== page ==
Familial adenomatous polyposis (Familial adenomatous polyposis) - Genes APC and MUTYH.
Familial adenomatous polyposis (FAP) is an inherited disorder characterized by the colon and rectum. People with the classic form of the disease can begin to develop multiple non - cancerous tumors in the colon during adolescence. Unless the colon is removed, these polyps become malignant. The average age at which an individual develops colon cancer in the classic form of the disease is 39 years. Some people have a variant of the disease called attenuated familial adenomatous polyposis, in which the growth of polyps is delayed. The average age of onset of cancer for this type of polyposis is 55 years.
In people with the classic form of the disease, the number of polyps increases with age and can develop hundreds of thousands of small polyps in the colon. Also of particular importance noncancerous growths called desmoid tumors. These fibrous tumors usually occur in the lining of the gut and may be caused by surgery to remove the colon. Desmoid tumors tend to recur after surgically removed. Sometimes, in the classical form and in its attenuated variant, are benign and malignant elsewhere in the body, including the duodenum, stomach, bones, skin, and other tissue tumors.
This process is due to mutations in the APC gene and MUTYH. Mutations in the APC gene, located on the long (q) arm of chromosome 5 (5q21-q22), are responsible for the classical and attenuated form of familial adenomatous polyposis. This gene, encoding the APC protein, which plays an important role in various cellular processes that determine whether a cell malignizará, since this gene is a tumor suppressor, regulating cell division cycle.
They have identified more than 700 mutations in the APC gene causing classical and attenuated familial adenomatous polyposis (FAP) types. Most of these mutations lead to the production of an abnormally short, nonfunctional version of the APC protein, affecting the ability of the cell to maintain normal growth and function. Excessive growth of cells as a result of mutations in the APC gene causes colonic polyps. Although most people with mutations in the APC gene will develop colorectal cancer, polyp number and the time period in which depend on the location become malignant mutation in the gene. The most common mutation in the adenomatous polyposis is a family of five nucleotides deletion in the APC gene. This mutation changes the amino acid sequence in the APC protein. Mutations in the APC gene are also responsible for a condition called Turcot syndrome which is closely related with familial adenomatous polyposis, and consists of a combination of colorectal cancer with brain medulloblastoma. Approximately two - thirds of people with Turcot syndrome have mutations in the APC gene.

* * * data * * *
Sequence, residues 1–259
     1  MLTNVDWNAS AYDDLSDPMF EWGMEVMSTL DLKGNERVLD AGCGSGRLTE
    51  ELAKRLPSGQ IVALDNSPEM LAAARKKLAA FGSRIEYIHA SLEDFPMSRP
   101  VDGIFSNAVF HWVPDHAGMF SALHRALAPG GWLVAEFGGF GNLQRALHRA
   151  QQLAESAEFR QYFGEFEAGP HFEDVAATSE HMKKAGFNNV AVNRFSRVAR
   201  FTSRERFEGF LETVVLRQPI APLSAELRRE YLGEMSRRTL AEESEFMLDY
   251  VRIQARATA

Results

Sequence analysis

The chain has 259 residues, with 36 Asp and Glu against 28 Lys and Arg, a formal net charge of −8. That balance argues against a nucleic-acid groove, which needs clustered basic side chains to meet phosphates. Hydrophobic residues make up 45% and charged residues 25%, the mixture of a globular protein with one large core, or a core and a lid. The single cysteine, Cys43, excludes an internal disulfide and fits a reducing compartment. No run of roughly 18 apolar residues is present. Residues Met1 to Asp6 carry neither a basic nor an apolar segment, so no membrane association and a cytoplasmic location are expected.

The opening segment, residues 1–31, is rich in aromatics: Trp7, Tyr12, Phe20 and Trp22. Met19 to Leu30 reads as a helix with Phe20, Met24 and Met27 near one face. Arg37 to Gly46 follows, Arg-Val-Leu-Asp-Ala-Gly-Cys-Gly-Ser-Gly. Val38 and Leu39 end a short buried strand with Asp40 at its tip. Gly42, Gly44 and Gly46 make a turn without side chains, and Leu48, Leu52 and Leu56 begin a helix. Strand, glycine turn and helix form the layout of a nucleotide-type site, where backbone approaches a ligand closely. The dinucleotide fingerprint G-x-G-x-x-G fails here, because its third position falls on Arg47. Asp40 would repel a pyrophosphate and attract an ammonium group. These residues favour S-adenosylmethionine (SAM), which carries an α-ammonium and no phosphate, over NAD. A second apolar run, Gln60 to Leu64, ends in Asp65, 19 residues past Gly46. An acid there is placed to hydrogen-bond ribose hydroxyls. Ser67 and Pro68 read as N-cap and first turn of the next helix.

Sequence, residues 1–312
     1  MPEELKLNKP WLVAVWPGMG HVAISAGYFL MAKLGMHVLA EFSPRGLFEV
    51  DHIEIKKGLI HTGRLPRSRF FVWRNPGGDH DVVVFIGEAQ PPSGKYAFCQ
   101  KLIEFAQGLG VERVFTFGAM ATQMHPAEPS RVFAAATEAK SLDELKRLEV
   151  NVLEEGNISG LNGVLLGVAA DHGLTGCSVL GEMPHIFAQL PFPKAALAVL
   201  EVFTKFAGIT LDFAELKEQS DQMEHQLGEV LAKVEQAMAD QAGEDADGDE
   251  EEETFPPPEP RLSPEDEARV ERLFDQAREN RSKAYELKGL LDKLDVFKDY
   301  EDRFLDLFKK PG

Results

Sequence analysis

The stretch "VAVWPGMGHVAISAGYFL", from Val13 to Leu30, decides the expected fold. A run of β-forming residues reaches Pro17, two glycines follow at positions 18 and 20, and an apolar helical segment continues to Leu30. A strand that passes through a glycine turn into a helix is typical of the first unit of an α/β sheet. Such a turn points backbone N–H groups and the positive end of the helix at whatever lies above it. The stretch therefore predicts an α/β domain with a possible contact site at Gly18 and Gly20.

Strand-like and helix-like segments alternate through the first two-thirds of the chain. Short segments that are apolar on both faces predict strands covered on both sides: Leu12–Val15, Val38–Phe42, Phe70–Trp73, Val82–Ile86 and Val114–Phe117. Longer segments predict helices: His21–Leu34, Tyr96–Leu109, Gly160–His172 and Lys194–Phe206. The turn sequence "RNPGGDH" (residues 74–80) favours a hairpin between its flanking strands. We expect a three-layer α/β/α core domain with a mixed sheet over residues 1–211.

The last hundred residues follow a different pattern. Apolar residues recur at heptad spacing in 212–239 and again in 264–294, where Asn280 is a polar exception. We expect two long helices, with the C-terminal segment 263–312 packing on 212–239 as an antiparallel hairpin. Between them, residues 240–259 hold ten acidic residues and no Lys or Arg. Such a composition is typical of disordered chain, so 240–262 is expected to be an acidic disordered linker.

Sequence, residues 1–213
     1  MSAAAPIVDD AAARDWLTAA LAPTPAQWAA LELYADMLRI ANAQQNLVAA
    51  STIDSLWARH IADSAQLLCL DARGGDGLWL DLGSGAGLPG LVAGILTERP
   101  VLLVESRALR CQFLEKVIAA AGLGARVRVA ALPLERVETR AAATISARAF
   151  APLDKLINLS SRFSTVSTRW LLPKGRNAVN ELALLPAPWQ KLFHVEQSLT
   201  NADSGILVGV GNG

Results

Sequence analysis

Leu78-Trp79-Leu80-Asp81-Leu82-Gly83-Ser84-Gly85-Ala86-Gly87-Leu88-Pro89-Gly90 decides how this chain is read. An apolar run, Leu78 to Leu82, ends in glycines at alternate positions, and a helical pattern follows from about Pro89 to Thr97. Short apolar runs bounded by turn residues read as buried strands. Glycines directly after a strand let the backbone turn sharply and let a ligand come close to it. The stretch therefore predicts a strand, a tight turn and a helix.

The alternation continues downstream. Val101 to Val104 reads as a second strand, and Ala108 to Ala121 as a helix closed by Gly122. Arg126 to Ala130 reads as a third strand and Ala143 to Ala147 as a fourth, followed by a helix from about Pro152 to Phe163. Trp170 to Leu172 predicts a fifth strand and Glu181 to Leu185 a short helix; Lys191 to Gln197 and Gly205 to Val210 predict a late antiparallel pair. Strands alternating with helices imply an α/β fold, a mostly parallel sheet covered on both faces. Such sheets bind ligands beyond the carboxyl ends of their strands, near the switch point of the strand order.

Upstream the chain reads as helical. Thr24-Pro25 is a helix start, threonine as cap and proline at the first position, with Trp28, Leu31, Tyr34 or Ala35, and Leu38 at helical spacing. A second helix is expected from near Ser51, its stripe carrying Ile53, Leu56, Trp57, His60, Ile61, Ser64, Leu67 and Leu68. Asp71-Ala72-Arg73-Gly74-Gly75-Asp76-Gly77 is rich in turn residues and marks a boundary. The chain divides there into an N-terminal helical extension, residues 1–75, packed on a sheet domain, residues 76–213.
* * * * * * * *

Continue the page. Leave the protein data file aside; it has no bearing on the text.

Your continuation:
Mutations in the gene MUTYH, located on the short arm (p) of chromosome 1 (1p34.1) cause the autosomal recessive form of familial adenomatous polyposis. This gene encodes an enzyme called MYH glycosylase, which participates in DNA repair. This enzyme corrects errors introduced when divided cellular DNA. Mutations in this gene affect the ability of cells to correct errors during DNA cleavage. In individuals with autosomal recessive disease, both copies of the gene mutated MUTYH in each cell. Most mutations in this gene result in the production of a MYH glycosylase nonfunctional or weak function. When the repair is altered nucleotide excision in the cell, mutations in other genes accumulate, leading to uncontrolled cell to excessive growth, and possible tumor formation.
Familial adenomatous polyposis may have different patterns of inheritance. When the disease is due to mutations in the APC gene is inherited in an autosomal dominant pattern, which means that a copy of the altered gene in each cell is sufficient to cause disease. In most cases, an affected person has a parent with the disorder. When the disease is due to mutations in the MUTYH gene is inherited in an autosomal recessive pattern, which means that both copies of the gene in every cell must have mutations for alteration is expressed. The parents of an individual with an autosomal recessive disease have a copy of the mutated gene, but usually show no signs and symptoms of the disease.
Tests in IVAMI: in IVAMI perform detection of mutations associated with familial adenomatous polyposis, by complete PCR amplification of the exons of the APC and MUTYH, respectively, and subsequent sequencing genes.
Samples recommended: EDTA blood collected for separation of blood leukocytes, or impregnated sample card with dried blood (IVAMI may mail the card to deposit the blood sample).